As our summer draws to a close this week I find myself warring between various emotions. My oldest starts kindergarten this week and if I’m honest, a large part of me is relieved but another part of me is unsure of this new transition. Will he like it? Will he behave? Will he find close friends? Will he be able to stay awake all day 5 days a week? Will he want to go everyday? Will he have homework? How will he act when he gets home? Will we be able to enforce an early bedtime?… on and on the questions go. I also fear he will suffer from PTSD from the playground…the rejection, the teasing, the nasty attitudes that are often commonly found within a group of kids.
If you know me at all, you know that my oldest and I are quite opposite. God saw it fit to give me a very strong son who knows what he wants and is often very creative to find ways to achieve his goals. He likes to plan his days and seems to find joy in constructing plans for us all to follow. And then there’s me: I’m a quintessential good girl – go with the flow, don’t rock the boat, take a very long time to make a simple decision for fear that I may anger someone. He requires me to plan ahead and think things through. So when I am feeling tired, the thought of him being in a structured environment like school sounds easier for both of us.
But recently, it seems I am taking in an equal amount of relief and grief with every breath.
For I remember what summer felt like 6 years ago before the birth of my son. I longed to have a baby I could call my own. A baby that could call me mom. We were anxiously awaiting the adoption of our son that summer. By God’s grace we were blessed with a beautiful and healthy baby boy that we amazingly got to call ours six months later. A boy that now will walk among his peers without us right there to protect him, guide him, and love on him. I realize he’s not going to college or anything and perhaps I’m being too melodramatic but he and I have been used to living shoulder to shoulder for the past 6 years. But as of this Thursday, he will be living shoulder to shoulder with his peers for 7 hours a day 5 days a week. And much to my surprise, that thought brings me to tears.
My prayer for him as he enters Kindergarten goes something like this:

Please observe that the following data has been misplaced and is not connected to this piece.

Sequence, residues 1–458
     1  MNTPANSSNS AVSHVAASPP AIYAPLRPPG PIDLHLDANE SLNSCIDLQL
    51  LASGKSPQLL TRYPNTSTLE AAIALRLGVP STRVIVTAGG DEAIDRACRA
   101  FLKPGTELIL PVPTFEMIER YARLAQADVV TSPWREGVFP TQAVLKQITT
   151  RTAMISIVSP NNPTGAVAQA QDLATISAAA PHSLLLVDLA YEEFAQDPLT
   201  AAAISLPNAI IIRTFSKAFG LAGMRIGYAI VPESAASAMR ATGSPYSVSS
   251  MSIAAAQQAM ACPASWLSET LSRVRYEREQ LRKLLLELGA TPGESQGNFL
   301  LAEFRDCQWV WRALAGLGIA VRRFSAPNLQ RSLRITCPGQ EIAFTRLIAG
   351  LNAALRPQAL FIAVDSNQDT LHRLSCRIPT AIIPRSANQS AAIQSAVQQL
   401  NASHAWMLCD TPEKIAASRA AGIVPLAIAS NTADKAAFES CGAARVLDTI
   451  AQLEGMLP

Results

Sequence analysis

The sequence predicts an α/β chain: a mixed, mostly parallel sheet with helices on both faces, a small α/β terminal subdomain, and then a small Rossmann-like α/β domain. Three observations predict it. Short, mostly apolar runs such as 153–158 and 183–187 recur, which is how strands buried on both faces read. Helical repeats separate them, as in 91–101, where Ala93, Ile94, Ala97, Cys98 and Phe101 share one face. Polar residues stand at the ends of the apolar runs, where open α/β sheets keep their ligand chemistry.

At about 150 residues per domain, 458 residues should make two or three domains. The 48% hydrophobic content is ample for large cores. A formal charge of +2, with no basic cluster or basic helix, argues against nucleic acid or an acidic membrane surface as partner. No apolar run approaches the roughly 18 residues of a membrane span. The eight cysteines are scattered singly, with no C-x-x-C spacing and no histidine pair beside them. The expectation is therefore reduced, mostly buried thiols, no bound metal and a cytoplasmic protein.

God, in Your great mercy and grace, walk alongside my son as he walks down the school hallways. Love on him as he encounters his peers and allow him to pour out Your love to others. Go ahead of him and provide him with at least one friend who can be a safe place for him and a companion. Guide him as he starts to learn the basics of school. Protect him as he will likely encounter situations that are difficult, hurtful, or painful. Give him perseverance to continue to try those tasks that are not easy. Allow him to be proud of his heritage as our son through adoption and protect him from feeling shame. Paul concludes my prayer nicely:
” … And I pray that you, being rooted and established in love, may have power, together with all the LORD’s holy people, to grasp how wide and long and high and deep is the love of Christ, and to know this love that surpasses knowledge – that you may be filled to the measure of all of the fullness of God.”
Regardless of what happens at Kindergarten, my hope and prayer is that my son will start to sense the immeasurable love of God on a daily basis. And I pray that I will be able to continually entrust my son to my Father and believe as Paul believed:
2 Timothy 1:12
“…because I know whom I have believed, and I am convinced that He is able to guard what I have entrusted to Him until that day.”
The truth is that God loves my son more than I can and He is big enough to walk with him through anything he will face. My brain knows that, I think I just need my heart to be reminded of that truth. For those of you who have or will have kids starting something new this fall, my prayers are with you. I pray that you will find peace as you daily entrust your children to the only One fully capable.